DENNIS QUAID. (Lt. Colonel Roger Charles) Began to become noticed in 1983 as Gordon Cooper in The Right Stuff and in The Big Easy as Remy McSwain.
Confirmed his ability by taking challenging roles when he played the legendary Jerry Lee Lewis in Great Balls of Fire! in 1989. Postcards from the Edge as Jack Faulkner in 1990 and Wyatt Earp in 1994 as Doc Holliday, added to his recognition of good parts when he could find them. And he found one in Frequency as Frank Sullivan. A film that is, in MbM’s opinion, one of the most underrated films in the last twenty years. These three stars spearhead an amazing drama, The Truth that should be seen and given top priority by all film lovers.
Dennis Quaid in The Truth.
Robert Redford, Cate Blanchett, Bruce Greenwood in The Truth.
Cate Blanchett and Robert Redford in The Truth.
Topher Grace in The Truth. 16
TIME OUT OF MIND * Spoiler Alert *
Directed by Oren Moverman. Starring: Ricard Gere. Ben Vereen. Jena Malone. Kyra Sedgwick. Steve Buscemi. I feel for the last ten years, maybe that I’m one stupid loser of an idiot and I’m not too sure any more. Am I homeless? This is probably Richard Gere’s most personal movie ever as the subject matter is about the homeless on the streets of New York. In reality, Richard is involved in the organization called the Coalition for the Homeless, providing housing and feeding people who have for various reasons fallen on bad times, losing their jobs, their families and have been evicted from their homes. There is a sequence which shows the interrogating that one goes through to obtain a food voucher and a bed for the night, it is a humiliating experience because George cannot remember or answer the simplest of questions. To play the role of George Hammond, an increasingly desperate man who is homeless, he went on the streets and the film was made in such a way that the camera was hidden from him and he was filmed through windows and doors from coffee stores or just catching his reflection. So the director of photography, Bobby Bukowski, shot from remote places using 300 to 900 millimetre lenses, and they set things up in an apartment or store or on a rooftop to get that feeling of remoteness. This is a story about a person we usually don’t pay attention to because he’s the guy on the street who’s asking for money. And as we see in the movie it’s not something you pay attention to when you live in New York because, for whatever reason, everyone is involved in their own drama. – Director, Oren Moverman. 60,000 people on any given night are homeless in New York. It could happen to anyone, but most of these people would invariably admit that they thought it would never happen to them. They all have a story.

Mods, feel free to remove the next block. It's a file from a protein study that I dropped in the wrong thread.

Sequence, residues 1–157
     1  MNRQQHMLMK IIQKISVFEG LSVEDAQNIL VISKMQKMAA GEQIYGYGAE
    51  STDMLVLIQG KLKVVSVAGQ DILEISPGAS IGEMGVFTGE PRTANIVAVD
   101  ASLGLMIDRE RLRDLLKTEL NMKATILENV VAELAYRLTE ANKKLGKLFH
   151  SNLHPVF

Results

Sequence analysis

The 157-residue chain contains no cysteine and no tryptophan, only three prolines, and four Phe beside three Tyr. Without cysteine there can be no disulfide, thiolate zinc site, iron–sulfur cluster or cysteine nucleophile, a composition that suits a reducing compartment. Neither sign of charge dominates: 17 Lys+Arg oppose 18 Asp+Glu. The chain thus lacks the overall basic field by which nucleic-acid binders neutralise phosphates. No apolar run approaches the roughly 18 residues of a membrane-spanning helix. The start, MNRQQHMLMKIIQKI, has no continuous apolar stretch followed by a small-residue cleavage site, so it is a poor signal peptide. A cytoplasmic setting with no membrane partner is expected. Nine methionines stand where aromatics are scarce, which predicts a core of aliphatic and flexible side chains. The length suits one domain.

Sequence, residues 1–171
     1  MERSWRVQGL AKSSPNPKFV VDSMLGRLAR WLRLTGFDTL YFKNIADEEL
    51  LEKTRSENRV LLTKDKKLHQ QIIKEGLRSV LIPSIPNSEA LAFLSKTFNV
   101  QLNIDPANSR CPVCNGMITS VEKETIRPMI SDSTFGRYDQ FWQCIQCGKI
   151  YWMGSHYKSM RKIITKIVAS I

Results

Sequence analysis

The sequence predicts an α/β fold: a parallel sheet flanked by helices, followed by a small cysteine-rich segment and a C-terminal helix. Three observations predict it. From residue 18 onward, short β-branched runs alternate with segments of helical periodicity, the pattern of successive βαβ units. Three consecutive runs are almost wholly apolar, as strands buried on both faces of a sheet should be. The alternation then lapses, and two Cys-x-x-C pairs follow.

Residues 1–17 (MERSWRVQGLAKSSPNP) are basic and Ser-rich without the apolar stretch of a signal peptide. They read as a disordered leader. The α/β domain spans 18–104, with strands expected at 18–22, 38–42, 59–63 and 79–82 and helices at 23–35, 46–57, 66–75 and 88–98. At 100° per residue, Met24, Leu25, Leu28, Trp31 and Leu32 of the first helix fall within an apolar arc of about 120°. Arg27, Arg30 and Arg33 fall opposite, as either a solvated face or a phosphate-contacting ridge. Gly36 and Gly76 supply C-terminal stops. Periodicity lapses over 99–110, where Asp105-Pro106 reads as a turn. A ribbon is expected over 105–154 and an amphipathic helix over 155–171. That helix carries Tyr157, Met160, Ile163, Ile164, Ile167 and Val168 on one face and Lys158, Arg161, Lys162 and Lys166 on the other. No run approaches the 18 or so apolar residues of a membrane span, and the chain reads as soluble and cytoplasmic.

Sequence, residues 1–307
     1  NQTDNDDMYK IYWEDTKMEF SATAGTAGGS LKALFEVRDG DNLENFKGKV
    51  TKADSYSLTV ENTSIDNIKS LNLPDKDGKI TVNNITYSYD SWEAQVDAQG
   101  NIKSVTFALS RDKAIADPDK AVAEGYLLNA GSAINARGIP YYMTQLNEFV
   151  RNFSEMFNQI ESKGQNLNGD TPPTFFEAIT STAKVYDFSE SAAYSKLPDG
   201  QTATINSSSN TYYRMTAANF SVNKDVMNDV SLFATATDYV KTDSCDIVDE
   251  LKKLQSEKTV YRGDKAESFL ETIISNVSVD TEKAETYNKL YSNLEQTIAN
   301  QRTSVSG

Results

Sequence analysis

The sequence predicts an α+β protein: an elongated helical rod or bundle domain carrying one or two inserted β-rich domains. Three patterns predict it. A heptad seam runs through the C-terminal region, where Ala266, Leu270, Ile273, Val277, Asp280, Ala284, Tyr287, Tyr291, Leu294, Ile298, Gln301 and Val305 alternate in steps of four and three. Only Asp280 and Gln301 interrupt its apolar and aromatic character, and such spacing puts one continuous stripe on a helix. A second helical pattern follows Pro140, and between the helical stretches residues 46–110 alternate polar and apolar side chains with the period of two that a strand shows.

Time Out of Mind captures the loneliness, the frustration, the anger and bewilderment of one man trying to fathom what has happened to his life, the problem it has is that it seems endless and for the audience it has forgotten it has one. Ironically, the storyline showing how people ignore down-and-outs on the street and not making eye-contact with them, the danger that the film has is that audiences will ignore it too, choosing to watch something uplifting instead. But it must be said, that it is skilfully made and the acting is excellent: Jena Malone, as George’s estranged daughter, is in fine form, as is Ben Vereen playing the loquacious fellow sufferer. But one who almost steals the film from Gere is Kyra Sedgwick, who is seen by George pushing a trolley filled with all her possessions and whom he mistakenly thinks is the friend he last stayed with before she left the apartment and causing the homeless predicament that he now finds himself in. The actress researched her part by actually meeting women vagrants and visiting shelters. Like Gere, she walked the streets quite freely while being filmed without being recognized. Oren Moverman states that the film is an observational film. It allows you to spend some time with a man you would never spend time with if you were not in his situation. It not a movie with answers. It’s a movie with a lot of questions that lead to the possibility of compassion. There are no bad guys in this story. There are no good guys in this story. There are only human beings. Another technique that was used that helped to embellish and get into George’s character was what he was hearing: the cacophony of New York constantly assaulting his senses. Sound became an integral part of the film – a character in itself. The sound design was carefully layered throughout the film, some times without Moverman even knowing what the final sounds would be. Microphones were hidden all over the set and they were shooting in stereo sound, which would be moving across the frame left to right. The DP thought that the visuals should be as noisy as the soundtrack. The idea was that Richard’s character is a man in the middle of this chaos and he’s assaulted by the sounds, the colours, the city, this world that surrounds him. So in the final assessment of the film, we have a subject matter that is rarely seen in movies and looking from the inside to give the feeling of what it is really like to be a vagrant and to feel that you no longer exist – you are invisible.